To improve matching, capacitor array layout requires special attention. The capacitor array needs to be laid out so as to avoid process variations. FIG. 1 shows a conventional capacitor array layout. The capacitor array is laid out as a set of concentric capacitors with increasing radii based on the size of the capacitor. Good matching can be achieved since the symmetrical layout reduces the systematic mismatch by canceling the first order degradation. However, the routing of the inner capacitors induces significant parasitic capacitance. Since the parasitic capacitance associated with each binary-weighted capacitor is not in a binary-weighted relation, matching between the capacitors is thus degraded.

In many applications of binary-weighted capacitor array such as capacitor digital to analog converter (C-ADC), top plates of every capacitor are commonly connected, as shown in FIG. 2. If the parasitic capacitances induced by the routings associated with nodes MSB, MSB−1, . . . , LSB+1, and LSB are not in a binary-weighted relation, integral nonlinearity (INL) and differential nonlinearity (DNL) of a transfer curve of the digital to analog converter could be significant and may have a great impact on high resolution applications.

BRIEF SUMMARY OF THE INVENTION

An embodiment of a capacitor array comprises a plurality of unit capacitors, each having first and second electrode plates. The first electrode plates are connected via first routings. The second electrode plates are grouped and connected to a plurality of nodes via second routings. The second routings do not overlap one another in the capacitor array. The second electrode plates connected to the same node conglomerate together as a group and no second electrode plate connected to another node is located in the group.

The invention provides a capacitor array arrangement. The capacitor array arrangement minimizes parasitic capacitance induced by routings of the capacitor array such that binary-weighted relation between sub-capacitors in the capacitor array is more accurately accomplished. The capacitor array arrangement also minimizes systematic or random mismatches

A detailed description is given in the following embodiments with reference to the accompanying drawings.

BRIEF DESCRIPTION OF THE DRAWINGS

The invention can be more fully understood by reading the subsequent detailed description and examples with references made to the accompanying drawings, wherein:

FIG. 1 shows a layout of a conventional capacitor array;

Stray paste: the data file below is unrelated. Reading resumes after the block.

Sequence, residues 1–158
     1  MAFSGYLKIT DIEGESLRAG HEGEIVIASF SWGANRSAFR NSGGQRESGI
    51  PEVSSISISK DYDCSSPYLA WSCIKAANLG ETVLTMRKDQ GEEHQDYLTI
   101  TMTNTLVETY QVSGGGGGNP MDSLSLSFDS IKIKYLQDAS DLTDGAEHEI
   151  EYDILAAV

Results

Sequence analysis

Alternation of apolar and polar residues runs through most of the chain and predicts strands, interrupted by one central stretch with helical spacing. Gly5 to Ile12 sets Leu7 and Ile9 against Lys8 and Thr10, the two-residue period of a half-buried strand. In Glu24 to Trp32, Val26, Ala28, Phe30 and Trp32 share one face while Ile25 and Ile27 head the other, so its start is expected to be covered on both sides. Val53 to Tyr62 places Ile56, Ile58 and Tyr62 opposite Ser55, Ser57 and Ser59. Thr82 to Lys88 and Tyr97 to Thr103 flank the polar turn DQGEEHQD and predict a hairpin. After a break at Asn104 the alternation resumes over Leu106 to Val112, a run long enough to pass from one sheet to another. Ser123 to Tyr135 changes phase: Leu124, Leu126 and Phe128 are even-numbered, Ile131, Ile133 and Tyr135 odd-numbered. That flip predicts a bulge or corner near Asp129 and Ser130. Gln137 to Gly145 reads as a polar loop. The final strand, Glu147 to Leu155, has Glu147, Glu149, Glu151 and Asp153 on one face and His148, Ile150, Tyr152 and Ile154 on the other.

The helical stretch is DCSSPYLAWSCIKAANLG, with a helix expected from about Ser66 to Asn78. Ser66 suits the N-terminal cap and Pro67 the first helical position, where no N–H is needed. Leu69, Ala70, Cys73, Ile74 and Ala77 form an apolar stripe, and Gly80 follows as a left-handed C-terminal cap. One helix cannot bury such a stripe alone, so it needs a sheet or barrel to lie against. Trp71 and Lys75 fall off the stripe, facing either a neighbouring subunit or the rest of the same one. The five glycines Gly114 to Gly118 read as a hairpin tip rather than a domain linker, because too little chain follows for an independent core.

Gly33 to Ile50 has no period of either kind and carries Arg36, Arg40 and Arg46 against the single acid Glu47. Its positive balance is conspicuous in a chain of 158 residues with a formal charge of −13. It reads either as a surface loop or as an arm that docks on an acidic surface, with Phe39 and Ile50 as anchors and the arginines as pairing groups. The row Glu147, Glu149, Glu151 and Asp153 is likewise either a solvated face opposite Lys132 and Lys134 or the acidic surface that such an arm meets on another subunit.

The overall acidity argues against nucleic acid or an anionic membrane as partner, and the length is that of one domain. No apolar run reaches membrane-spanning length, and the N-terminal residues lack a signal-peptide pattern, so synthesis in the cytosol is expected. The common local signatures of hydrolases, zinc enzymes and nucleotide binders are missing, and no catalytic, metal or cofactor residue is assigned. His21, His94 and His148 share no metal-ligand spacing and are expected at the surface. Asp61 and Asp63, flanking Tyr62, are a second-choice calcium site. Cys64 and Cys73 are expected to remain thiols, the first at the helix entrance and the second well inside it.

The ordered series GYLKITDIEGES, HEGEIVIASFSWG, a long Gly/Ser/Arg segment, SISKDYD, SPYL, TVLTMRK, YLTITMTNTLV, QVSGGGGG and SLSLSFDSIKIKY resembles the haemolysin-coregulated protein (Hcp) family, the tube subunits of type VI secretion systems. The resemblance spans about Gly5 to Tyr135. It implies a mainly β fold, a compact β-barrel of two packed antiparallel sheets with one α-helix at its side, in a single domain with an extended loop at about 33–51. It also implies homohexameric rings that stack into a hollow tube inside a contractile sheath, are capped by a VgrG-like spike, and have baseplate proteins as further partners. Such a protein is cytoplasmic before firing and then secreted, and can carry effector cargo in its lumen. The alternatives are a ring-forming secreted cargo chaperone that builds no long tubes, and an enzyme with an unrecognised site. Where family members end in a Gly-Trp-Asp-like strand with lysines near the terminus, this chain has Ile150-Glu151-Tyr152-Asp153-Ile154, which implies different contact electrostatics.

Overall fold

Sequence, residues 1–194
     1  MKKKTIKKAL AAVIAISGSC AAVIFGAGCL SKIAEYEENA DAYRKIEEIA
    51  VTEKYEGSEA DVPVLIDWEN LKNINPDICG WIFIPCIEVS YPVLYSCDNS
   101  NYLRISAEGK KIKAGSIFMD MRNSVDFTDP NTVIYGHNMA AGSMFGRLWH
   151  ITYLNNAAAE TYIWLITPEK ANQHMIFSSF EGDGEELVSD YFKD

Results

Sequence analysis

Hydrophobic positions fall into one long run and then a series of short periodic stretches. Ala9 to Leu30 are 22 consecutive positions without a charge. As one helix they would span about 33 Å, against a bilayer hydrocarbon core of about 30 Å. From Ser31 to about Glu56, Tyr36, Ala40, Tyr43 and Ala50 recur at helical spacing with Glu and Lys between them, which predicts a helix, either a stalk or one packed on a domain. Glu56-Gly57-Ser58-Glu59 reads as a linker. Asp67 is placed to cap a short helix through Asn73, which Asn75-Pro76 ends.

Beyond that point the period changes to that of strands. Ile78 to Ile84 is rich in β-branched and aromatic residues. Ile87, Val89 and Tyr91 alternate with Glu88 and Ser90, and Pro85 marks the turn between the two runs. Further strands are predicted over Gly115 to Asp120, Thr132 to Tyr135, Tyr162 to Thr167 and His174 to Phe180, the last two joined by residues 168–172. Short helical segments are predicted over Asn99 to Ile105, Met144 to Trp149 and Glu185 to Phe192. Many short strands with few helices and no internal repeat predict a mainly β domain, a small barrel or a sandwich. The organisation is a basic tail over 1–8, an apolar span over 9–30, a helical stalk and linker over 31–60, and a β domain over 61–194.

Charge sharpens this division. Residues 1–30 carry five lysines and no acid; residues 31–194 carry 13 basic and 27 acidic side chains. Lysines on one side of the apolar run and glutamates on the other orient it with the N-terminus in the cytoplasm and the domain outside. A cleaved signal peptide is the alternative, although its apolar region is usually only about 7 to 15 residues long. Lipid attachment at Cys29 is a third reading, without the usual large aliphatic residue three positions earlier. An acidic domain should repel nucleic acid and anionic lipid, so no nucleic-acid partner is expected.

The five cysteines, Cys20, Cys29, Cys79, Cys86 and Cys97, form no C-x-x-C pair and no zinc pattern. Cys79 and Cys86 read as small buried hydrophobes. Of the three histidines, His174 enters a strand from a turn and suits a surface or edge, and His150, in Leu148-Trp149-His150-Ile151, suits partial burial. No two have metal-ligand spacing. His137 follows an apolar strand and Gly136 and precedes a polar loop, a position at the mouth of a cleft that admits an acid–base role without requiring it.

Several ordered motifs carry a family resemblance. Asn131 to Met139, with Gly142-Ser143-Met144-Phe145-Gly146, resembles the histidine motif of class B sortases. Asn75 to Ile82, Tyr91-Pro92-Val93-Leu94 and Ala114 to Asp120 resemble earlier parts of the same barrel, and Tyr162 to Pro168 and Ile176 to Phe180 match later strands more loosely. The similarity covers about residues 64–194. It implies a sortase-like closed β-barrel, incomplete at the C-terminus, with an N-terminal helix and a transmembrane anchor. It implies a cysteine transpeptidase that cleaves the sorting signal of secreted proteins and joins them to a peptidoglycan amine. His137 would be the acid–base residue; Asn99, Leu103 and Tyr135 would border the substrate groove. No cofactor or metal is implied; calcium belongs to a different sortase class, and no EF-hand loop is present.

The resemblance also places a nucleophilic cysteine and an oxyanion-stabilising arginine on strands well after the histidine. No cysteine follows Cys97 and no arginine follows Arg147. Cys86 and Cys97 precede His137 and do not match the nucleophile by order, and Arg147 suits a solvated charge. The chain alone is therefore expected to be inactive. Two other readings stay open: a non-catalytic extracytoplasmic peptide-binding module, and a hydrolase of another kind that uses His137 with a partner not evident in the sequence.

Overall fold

FIG. 2 is a circuit diagram of a capacitor digital to analog converter (C-DAC);

FIG. 3 is a schematic diagram of a capacitor array;

FIG. 4 shows a layout of the unit capacitor C in FIG. 3;

FIG. 5 is a schematic diagram demonstrating a concept of an embodiment of the capacitor array grouped into binary-weighted sub-capacitors;

FIG. 6 is a schematic diagram of capacitor array arrangement of a binary-weighted capacitor according to an embodiment of the invention;

FIG. 7 is a circuit diagram of a C-DAC including two single unit capacitors;

FIG. 8 is a schematic diagram of routings of a binary-weighted capacitor array according to the circuit diagram in FIG. 7;

FIG. 9 is a schematic diagram of capacitor array arrangement of a binary-weighted capacitor according to another embodiment of the invention;

FIG. 10A shows a symmetrical capacitor layout for cancellation of systematic mismatch according to an embodiment of the invention;

FIG. 10B shows a symmetrical capacitor layout for cancellation of systematic mismatch according to another embodiment of the invention;

FIG. 11 is a flowchart of a capacitor array layout technique according to an embodiment of the invention.

DETAILED DESCRIPTION OF THE INVENTION

The following description is of the best-contemplated mode of carrying out the invention. This description is made for the purpose of illustrating the general principles of the invention and should not be taken in a limiting sense. The scope of the invention is best determined by reference to the appended claims.

FIG. 3 is a schematic diagram of a capacitor array. To achieve better matching, each sub-capacitor of a binary-weighted capacitor is formed with unit capacitors C connected in parallel. In addition, the binary-weighted capacitor is uniformly surrounded by dummy capacitors, shown as shadowed unit capacitors C′ in FIG. 3, such that the unit capacitors are uniformly formed during semiconductor fabrication.

FIG. 4 is a layout of the unit capacitor C in FIG. 3. In FIG. 4, a metal layer M1 is used for routing of a bottom electrode plate BP of the unit capacitor C and another metal layer M2 for routing of a top electrode plate TP. A pair of overlaps between the metal layers M1 and M2 induces parasitic capacitance. In addition, the overlaps between the metal layer M2 and the bottom electrode plate BP also induce parasitic capacitance. Additionally, in an application as shown in FIG. 2, the top electrode plates TP of the sub-capacitors are connected to the same node. Thus, routings of the metal layer M2 are connected in series vertically.